GREEKS OF THE EX- USSR, AFTER 1991
By Dionyssis Kalamvrezos
Greece and Russia
For more than ten centuries the relations between Greeks, Russians, and the rest of the people of the Russian Empire, were fraternal. These strong relations were rooted in their common history. In antiquity, particularly in the 8th and 6th centuries B.C., tens of Greek colonies were established along the shore of the Black Sea (Euxeinos Pontos) expanding the Greek world to the lands that became Russian after many years. In the 10th century A.C. the Byzantium spread the gifts of Greek civilization and Greek Orthodoxy to the Russians. The Russian leader Vladimir in 988 A.C. converted to Orthodox Christianity and married Anna, sister of the Byzantine Emperor Vassilios II.(1) According to the Primary Chronicle, the most important source for the birth of the Rus (the fisrt Russian) state, Vladimir's emissaries to Byzantium narrated: "The Greeks led us to the buildings where they worshipped their God, and we knew no whether we were in heaven or on earth. For on earth there is no such splendour or such beauty, and we are at a loss to describe it".(2)
From the 10th century until 1917, the Greeks and the Russians shared a common destiny, and the participation of the Russians was a crucial determinant in helping the Greeks achieve their national goals. Russia became a second home for many Greeks after the fall of Byzantium in 1453.(3)
The origin of the Greek Diaspora in Russia and the USSR varies. Some writers even stress the fact that a certain continuity between the ancient inhabitants of the Greek colonies and the contemporary Greek population exists. Many Greeks emigrated to Russia after the fall of the Byzantine empire and soon they became important factors of the religious, cultural, economic, military and diplomatic life. Others are descendants of the 18th century immigrants who were invited by Catherine the Great to inhabit the northern shores of the Black Sea when they became part of the Russian Empire. Other Greek immigrants headed for Russia after the Russian-Turkish wars that took place during the last half of the 18th Century and the first half of the 19th Century. A great number are descendants of Pontian refugees who were forced to abandon their homes in Asia Minor between the years 1917 and 1923.(4)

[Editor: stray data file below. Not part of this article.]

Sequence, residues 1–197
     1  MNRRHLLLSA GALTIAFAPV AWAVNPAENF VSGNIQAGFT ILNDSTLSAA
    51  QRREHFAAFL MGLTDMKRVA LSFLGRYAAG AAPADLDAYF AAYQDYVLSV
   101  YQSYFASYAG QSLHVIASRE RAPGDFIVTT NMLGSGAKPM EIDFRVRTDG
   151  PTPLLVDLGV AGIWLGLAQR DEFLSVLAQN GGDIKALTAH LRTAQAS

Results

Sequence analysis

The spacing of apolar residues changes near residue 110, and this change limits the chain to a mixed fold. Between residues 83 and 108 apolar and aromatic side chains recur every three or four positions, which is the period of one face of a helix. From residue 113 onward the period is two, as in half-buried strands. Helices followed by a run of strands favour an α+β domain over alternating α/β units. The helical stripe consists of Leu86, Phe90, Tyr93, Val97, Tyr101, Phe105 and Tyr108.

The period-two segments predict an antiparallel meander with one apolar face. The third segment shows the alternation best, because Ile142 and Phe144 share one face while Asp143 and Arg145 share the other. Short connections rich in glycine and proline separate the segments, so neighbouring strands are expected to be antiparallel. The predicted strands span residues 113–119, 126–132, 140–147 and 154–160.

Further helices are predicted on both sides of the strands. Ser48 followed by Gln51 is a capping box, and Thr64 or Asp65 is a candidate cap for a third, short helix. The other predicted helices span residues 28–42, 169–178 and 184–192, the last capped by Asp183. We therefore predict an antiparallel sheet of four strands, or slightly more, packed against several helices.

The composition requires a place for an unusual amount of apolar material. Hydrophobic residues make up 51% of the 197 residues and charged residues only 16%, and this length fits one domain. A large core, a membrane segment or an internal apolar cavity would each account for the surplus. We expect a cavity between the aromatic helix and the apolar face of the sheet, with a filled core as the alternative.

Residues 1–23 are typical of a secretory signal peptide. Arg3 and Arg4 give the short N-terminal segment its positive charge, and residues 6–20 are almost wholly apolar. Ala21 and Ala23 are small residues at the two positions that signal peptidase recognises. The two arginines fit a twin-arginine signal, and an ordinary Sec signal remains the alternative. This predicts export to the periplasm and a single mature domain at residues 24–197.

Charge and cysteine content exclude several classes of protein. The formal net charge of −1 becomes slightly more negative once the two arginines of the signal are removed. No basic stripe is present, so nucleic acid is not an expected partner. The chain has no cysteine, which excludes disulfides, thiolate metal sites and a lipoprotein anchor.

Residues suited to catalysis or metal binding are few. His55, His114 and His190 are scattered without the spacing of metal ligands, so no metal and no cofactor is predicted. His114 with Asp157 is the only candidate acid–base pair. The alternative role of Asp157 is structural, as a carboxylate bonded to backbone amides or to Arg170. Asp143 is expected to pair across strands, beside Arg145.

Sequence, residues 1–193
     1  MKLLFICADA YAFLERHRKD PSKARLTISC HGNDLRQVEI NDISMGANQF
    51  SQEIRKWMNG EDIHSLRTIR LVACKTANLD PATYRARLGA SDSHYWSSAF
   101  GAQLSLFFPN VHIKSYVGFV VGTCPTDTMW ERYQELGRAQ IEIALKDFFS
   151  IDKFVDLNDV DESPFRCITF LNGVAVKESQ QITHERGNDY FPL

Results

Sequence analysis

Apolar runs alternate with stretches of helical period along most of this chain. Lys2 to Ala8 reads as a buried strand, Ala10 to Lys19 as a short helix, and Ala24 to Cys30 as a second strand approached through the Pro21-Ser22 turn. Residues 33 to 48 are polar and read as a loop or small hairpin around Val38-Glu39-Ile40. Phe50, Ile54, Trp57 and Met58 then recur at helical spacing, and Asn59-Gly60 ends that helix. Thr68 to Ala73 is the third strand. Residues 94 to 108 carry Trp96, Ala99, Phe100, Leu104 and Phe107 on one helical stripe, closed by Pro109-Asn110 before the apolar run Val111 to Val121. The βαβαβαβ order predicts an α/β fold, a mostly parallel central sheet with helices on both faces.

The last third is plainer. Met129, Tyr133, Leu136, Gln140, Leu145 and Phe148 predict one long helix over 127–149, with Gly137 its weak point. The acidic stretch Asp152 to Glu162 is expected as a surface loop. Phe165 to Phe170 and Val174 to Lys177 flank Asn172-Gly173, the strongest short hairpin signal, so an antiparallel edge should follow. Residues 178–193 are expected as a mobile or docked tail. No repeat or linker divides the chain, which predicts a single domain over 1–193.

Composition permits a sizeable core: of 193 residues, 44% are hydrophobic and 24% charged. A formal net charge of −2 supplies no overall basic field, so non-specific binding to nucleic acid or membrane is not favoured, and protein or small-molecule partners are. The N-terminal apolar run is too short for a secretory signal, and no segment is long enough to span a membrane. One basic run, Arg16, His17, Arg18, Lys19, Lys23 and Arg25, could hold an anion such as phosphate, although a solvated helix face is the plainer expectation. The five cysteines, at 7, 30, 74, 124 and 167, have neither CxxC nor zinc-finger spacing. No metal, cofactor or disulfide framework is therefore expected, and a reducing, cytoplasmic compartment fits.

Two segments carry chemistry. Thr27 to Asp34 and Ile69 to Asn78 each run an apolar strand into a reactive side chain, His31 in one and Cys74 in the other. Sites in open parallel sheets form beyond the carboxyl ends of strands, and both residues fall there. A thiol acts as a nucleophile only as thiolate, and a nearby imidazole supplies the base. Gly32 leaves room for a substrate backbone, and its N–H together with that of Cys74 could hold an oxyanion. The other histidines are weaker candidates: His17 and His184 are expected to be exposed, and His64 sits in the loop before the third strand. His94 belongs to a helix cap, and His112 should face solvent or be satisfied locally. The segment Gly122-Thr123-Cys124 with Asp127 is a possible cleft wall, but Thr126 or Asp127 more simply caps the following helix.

(1) John Julius Norwich, A Short History of Byzantium, Knopf, New York, 1997, p. 141, 176, John Meyendorff, Byzantium and the Rise of Russia, Cambridge, 1981, John Greer Nicholson, "Russia and the Balkans"’, Journal of the Hellenic Diaspora, v.19/2, 1993, W.Bruce Lincoln, Between Heaven and Hell, Viking, New York, 1998, p. 17-20, 38, Murashova, V.V. et al., "Put' iz Variag v Greki i iz Grek...": Katalog vystavki (The Road from the Varangians to the Greeks and from the Greeks..".: Catalogue of the Exibition.) Comp. by N.I. Astashova et al. Moscow: Russkii istoricheskii Muzei, 1996, p.104, http://www.panrus.com/books/11156.htm (6.2.2000), Gregory Freeze , Russia, a History, Oxford Univercity Press, Oxford, 1997, p. 5-18. Argonauts’ trip to Kolchis to take the "Golden Fleece", Ulysses’ adventures in the land of Cimmerians, Prometheus’ punishment by Zeus in Caucasus, and other Greek myths related to this area, testify the presence of Greeks at the Black Sea (Euxeinos Pontos) from ancient times. Archaeological excavations suggest that the Greeks established the first trading routes to the shores of Black Sea around 1000 B.C.
(3) Theofhilus C.Prousis, Russian Society and the Greek Revolution, Northern Illinois University Press, 1994, p. 22.
(4) P.M.Kitromilides, Hellas-Russia: One Thousand Years of Bonds, Athens, p. 139-165, Dionyssis Kalamvrezos, "Greek communities outlive empire and USSR", English edition of Kathimerini newspaper, 27.11.2003.
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